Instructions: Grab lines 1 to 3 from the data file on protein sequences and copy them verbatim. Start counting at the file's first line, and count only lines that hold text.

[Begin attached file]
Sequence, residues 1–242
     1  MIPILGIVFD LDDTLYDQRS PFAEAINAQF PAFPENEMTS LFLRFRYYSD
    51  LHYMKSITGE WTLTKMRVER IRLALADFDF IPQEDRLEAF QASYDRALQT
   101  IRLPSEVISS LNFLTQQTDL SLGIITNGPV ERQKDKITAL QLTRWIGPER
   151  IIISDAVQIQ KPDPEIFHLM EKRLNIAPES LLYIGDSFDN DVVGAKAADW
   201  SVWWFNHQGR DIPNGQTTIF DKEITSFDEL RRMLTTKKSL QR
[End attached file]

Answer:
Sequence, residues 1–242
     1  MIPILGIVFD LDDTLYDQRS PFAEAINAQF PAFPENEMTS LFLRFRYYSD
    51  LHYMKSITGE WTLTKMRVER IRLALADFDF IPQEDRLEAF QASYDRALQT